A (Very Scary) Research Proposal 

May, 2008

One of the problems of epidemiological research in the sludge field is that a negative result has no meaning unless the study carefully takes into account the fact that any health problems caused by BS may not be evident for years after the fields have been sludged.  If you knock on a sludge-farmer's door and ask "How y'all feelin'?" and they say "Just great."  it may not tell you anything because those people may be infected with microorganisms or may be poisoned with toxic metals that will not produce any symptoms for years or decades.

Here I proffer a proposal for an epidemiological research project that could provide valuable data relevant to the question of the whether land applied BS causes long-term, asymptomatic, air-borne infections.

There are three levels of BS infections or poisoning.  The first level is acute infection, which means the person gets sick during or immediately after handling BS or immediately after BS is spread nearby.  The second level is chronic effects.  Here the symptoms appear over a course of weeks, or months, or years and plague the person over a long period.  The third level is asymotmatic effects.  The scariest example is cancer.  The BS causes a change in the person's cells that are not detectable at all for years or decades.  Eventually -- long, long after the BS was applied -- the symptoms appear.  

This research proposal focuses on a special type of asympotmatic infection in which symptoms can be triggered by a well-defined and and very common event -- prescribing a broad-spectrum antibiotic.

The background biology

Although the word "chemotherapy" raises fear, if not panic, in the hearts of all of us boomers, from a strictly pharmacological point of view the term is much broader than the brutal mode for treating cancer.  Technically, chemotherapy refers to any use of chemicals -- i.e., drugs -- to treat a disease.  For instance, this week I began chemotherapy with Clindamycin for an infected tooth.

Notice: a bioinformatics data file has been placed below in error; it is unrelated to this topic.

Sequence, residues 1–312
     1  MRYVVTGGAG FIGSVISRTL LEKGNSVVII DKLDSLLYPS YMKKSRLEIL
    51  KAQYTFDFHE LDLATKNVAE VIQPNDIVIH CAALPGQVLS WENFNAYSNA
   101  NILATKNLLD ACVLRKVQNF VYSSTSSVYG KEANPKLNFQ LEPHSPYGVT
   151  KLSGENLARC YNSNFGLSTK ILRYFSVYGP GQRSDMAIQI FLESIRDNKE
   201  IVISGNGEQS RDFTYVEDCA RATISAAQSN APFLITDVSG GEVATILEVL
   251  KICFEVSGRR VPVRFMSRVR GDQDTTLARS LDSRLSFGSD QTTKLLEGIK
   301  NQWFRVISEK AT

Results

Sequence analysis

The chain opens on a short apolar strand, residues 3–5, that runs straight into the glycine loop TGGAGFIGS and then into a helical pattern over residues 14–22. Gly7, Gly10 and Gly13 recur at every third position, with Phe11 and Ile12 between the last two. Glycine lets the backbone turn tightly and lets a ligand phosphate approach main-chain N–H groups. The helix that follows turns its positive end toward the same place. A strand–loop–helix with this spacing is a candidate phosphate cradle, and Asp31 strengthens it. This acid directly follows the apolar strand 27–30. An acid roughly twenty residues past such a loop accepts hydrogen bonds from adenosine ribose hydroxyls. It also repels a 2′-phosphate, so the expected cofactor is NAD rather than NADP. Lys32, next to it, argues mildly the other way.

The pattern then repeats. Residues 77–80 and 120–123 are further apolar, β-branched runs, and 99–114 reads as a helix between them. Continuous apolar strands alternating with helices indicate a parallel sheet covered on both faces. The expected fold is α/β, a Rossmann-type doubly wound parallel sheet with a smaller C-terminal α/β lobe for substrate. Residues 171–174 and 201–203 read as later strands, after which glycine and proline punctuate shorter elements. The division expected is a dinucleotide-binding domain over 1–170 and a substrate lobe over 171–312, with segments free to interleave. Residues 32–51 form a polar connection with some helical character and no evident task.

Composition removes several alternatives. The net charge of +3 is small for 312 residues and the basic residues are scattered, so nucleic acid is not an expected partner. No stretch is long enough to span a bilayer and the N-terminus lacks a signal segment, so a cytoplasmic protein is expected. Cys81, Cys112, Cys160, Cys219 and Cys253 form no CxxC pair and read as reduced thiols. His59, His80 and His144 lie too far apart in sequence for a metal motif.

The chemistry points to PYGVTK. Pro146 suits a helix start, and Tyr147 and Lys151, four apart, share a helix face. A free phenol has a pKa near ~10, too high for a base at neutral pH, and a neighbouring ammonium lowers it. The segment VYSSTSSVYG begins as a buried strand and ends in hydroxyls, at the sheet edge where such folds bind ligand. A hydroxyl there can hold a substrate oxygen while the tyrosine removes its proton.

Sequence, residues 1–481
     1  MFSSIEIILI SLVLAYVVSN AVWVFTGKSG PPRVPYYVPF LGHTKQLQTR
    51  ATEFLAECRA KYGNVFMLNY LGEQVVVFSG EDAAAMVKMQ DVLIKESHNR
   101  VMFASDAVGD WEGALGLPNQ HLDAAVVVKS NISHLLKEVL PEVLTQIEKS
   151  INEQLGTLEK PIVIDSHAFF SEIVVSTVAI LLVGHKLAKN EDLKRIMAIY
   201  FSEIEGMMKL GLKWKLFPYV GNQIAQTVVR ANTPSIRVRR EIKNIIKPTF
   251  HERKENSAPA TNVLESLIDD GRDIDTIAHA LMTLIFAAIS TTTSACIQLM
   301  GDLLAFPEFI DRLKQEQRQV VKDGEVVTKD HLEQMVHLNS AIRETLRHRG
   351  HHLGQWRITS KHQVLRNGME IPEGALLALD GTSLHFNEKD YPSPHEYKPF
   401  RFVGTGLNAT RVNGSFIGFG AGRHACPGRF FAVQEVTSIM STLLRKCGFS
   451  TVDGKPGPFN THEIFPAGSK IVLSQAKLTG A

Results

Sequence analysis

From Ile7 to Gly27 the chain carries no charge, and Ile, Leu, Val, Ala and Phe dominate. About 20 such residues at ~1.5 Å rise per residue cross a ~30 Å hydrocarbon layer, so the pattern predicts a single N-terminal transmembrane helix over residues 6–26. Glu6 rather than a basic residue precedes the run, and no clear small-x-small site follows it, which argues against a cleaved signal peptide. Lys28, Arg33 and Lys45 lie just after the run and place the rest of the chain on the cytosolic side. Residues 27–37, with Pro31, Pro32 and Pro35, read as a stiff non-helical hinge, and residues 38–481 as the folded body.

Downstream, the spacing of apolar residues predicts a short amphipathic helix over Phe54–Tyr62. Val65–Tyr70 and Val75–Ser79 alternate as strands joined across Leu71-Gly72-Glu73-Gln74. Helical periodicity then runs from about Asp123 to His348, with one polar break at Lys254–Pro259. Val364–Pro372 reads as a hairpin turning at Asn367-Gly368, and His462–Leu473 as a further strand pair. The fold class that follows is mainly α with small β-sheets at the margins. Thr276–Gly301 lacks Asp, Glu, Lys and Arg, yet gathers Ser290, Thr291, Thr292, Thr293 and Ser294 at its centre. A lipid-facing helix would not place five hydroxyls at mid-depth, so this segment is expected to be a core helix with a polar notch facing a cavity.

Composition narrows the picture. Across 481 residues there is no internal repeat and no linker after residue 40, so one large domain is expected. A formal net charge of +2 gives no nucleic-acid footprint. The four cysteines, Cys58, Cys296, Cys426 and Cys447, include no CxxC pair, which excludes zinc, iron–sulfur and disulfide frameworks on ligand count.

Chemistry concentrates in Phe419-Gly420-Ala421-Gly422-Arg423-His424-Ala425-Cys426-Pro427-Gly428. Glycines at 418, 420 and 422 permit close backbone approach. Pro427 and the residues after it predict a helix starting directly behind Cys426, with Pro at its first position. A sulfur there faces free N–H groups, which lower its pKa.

The dentist really stressed that I report back to him immediately if I had any diarrhea while taking the drug, and the pharmacist emphasized that point even more.  I didn't understand why these folks were so edgy about my scatological future.  Although I have a PhD in pharmacology,  I had no idea what they were going on about because the closest I've come to pharmacology in the last 15 years has been getting that Clindamycin prescription filled.   

So out of a mixed sense of professional embarrassment, self-preservation, and curiosity I dove for the books to refresh my memory of the side effects of Clindamycin.  If the truth be told here -- which, rest assured, it is always told on this website -- I actually had no memory of the side effects of Clindamycin to refresh.  I was barely able to recognize it as an antibiotic.  But my good friend Richard Lehne publishes the number one nursing pharmacology textbook in the world, and when every new edition comes out he sends me a copy, gratis. So I cracked the latest edition of Lehne's Pharmacology.

I found out Clindamycin can cause a condition known as pseudomembraneous colitis (abbreviated, for obvious reasons, to "PMC") or less often called "clostridial colitis."  Colitis refers to inflammation of the colon. Clostridial refers to a genus of germs -- Clostridium.  Clindamycin-induced PMC is a nasty colitis in which, if not stopped, the colon is sort of eaten away from the inside.  Occasionally we hear about Staph a or other bacteria attacking the skin of patients and eating it away -- necrotizing fasciitis, it's called.  Well, Clindamycin-induced PMC is much the same kind of phenomenon on the inside.  The culprit in PMC is not Staph a., it is Clostridium difficile.  

Many of you will recognize Clostridium.  The clostridium genus is one of those groups of bacteria that has been kicking Homo sapiens' butts for tens of thousands, if not hundreds of thousands, of years.  Gas gangrene, tetanus, and food poisoning (botulinism) are all deadly diseases caused by this group of nasties.